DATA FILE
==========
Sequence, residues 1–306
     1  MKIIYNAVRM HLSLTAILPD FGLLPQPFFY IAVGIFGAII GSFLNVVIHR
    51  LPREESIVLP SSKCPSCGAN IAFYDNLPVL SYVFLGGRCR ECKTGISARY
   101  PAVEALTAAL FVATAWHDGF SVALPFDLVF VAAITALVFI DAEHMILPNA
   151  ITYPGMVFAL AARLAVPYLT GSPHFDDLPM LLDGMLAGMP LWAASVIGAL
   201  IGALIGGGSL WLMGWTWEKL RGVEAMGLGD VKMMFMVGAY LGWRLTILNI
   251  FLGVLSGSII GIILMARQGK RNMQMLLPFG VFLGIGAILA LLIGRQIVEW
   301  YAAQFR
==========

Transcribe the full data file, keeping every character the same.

Sequence, residues 1–306
     1  MKIIYNAVRM HLSLTAILPD FGLLPQPFFY IAVGIFGAII GSFLNVVIHR
    51  LPREESIVLP SSKCPSCGAN IAFYDNLPVL SYVFLGGRCR ECKTGISARY
   101  PAVEALTAAL FVATAWHDGF SVALPFDLVF VAAITALVFI DAEHMILPNA
   151  ITYPGMVFAL AARLAVPYLT GSPHFDDLPM LLDGMLAGMP LWAASVIGAL
   201  IGALIGGGSL WLMGWTWEKL RGVEAMGLGD VKMMFMVGAY LGWRLTILNI
   251  FLGVLSGSII GIILMARQGK RNMQMLLPFG VFLGIGAILA LLIGRQIVEW
   301  YAAQFR